The easiest way to integrate myGengo to your site is by adding short codes to your posts/pages or anything you want. Short codes not only allows you to display current translation for ANY section of your site, but also allows you to translate the same section. 

There are two types of short codes: 
1. **mygengo_st** that shows the translation to the element you desired 
2. **mygengo_t4e** that allows you to add a translation to textarea 

The former sort code can be used with any text inside a 'div' tag. This short code insert code that displays the available translations of the content inside the div, and allow users to order more translations. You only need to add something similar to the following short code next to your element: 

[mygengo_st post_type="post" post_id="0" element_id="" include_text="0"]

The arguments post_type and post_id allows the system to process properly the content. If you use one of the predefined types – post, page, comment – then if the user requests a translation, the system will read the content from the database. If the post_type is a custom one, then the user should set the include_text to 1. The combination of the post_type and post_id uniquely defines a job  and therefore should be used carefully. 
The element_id argument refers to the div that contains the text to be translated.

For example, if a user wants to display the content of a post in several languages, but does not want to publish the new translations, he can perform the following steps:
Inside the original post, the user must add the short code, setting the id to the post id. Since this is part of the post and not the complete post, set the type to ‘post-content’ or any other not predefined name.
Also, the content to be translated must be wrapped inside a div. This div should be identified with a unique id. This is will be the element_id argument.

Then, at the post page, if the user clicks on the ‘Add a translation’ link located where she placed the short code, it will be taken to the new job page, with the content of the div. The user must follow the flow showed in section 3 to approve the job. After the job is approved, if the user goes back to the post page a flag with the translation should appear.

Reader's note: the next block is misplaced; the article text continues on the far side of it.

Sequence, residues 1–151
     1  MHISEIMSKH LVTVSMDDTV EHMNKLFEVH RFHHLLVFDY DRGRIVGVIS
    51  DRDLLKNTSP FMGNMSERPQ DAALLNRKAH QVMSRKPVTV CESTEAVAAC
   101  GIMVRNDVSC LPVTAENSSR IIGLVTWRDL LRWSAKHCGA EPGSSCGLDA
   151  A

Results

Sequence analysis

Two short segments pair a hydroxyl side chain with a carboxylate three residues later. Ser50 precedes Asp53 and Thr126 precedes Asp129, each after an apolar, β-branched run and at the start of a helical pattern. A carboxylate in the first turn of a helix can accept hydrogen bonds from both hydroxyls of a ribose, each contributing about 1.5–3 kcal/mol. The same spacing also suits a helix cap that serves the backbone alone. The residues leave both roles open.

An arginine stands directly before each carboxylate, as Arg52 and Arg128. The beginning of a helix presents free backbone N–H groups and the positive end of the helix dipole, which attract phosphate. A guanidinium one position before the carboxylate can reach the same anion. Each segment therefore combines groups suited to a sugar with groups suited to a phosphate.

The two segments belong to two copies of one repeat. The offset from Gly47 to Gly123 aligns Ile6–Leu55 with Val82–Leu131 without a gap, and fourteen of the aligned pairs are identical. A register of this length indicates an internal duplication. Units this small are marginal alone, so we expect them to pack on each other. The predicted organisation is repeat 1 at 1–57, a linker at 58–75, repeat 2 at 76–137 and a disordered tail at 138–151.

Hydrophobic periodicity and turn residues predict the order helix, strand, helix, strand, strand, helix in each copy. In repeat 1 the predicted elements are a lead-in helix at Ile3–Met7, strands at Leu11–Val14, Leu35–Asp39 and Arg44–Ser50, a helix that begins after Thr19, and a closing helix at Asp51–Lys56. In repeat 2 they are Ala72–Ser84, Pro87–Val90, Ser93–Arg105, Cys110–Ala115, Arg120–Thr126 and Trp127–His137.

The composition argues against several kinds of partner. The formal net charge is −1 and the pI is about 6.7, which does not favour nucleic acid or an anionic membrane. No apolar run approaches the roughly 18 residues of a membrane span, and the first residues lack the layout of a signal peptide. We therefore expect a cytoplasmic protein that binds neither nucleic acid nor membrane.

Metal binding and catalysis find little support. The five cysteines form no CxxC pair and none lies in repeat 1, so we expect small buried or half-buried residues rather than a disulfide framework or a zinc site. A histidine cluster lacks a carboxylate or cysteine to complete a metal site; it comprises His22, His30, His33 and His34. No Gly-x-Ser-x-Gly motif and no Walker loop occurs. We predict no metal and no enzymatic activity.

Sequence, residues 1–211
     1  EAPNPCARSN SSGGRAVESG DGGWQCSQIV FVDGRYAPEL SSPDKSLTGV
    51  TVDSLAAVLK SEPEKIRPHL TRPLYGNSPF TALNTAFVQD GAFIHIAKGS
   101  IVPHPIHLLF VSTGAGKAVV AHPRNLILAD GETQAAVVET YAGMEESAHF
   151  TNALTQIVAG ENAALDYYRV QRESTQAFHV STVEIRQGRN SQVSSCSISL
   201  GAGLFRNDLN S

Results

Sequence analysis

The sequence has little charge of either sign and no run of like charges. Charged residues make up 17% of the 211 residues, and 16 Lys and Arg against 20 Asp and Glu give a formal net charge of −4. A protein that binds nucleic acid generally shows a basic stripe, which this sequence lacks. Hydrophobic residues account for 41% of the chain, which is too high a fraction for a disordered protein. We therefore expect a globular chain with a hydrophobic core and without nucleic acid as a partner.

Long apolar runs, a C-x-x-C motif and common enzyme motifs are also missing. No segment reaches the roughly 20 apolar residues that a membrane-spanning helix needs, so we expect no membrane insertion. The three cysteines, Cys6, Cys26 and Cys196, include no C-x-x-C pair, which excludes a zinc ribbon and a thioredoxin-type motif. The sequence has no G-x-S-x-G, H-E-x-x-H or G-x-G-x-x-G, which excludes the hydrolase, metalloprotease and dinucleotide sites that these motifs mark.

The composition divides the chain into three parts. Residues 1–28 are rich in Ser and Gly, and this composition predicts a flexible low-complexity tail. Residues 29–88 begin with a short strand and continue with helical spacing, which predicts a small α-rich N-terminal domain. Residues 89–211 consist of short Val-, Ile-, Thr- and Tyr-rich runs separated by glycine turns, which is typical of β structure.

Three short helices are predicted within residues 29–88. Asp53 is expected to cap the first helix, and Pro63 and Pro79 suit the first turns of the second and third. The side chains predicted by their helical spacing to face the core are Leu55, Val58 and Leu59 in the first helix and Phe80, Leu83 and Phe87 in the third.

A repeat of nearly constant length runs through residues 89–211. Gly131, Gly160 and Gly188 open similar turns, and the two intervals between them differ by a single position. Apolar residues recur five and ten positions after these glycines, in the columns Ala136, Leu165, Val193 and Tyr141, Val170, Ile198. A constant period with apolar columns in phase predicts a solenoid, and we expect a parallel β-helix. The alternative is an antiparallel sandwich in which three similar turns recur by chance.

If the user clicks on the flag, the translation content will replace the original content.

This is very easy to do, but some users may prefer to add php code at the templates, to avoid writing the post id hardcoded at the post content. To do this, you have to include the following code in the Single Post file of the theme:

<div><?php if(function_exists('mygengo_translations_viewer')) {mygengo_translations_viewer($id, ‘post-type’, ‘element_id’, ‘1’);} ?></div>

The second short code is used to add text to text areas. It is useful for replying comments in different languages. It works in a similar way to the previous short code, but:
The element MUST be a text area
The argument ‘include_text’ is not used

Functions for displaying translations

You can also add links to translations (based on translatemyblog code): 

To display translation links under the title of the post (where they'll be more visible to users), go to Appearance > Editor, edit your Main Index Template (tipically index.php or loop.php) and insert 

<div><?php if(function_exists('mygengo_display_translations')) {mygengo_display_translations($id);} ?></div>

before the line <div class="entry"> or after the post title. 

To display links back to the original post on the translation page (along with links to translations in other languages) edit your Single Post (single.php) template and insert 

<div><?php if(function_exists('mygengo_display_translations')) {mygengo_display_translations($id);} ?></div> 
<div><?php if(function_exists('mygengo_display_parent_link')) {mygengo_display_parent_link($id);} ?></div>

before the line <div class="entry"> or after the post title.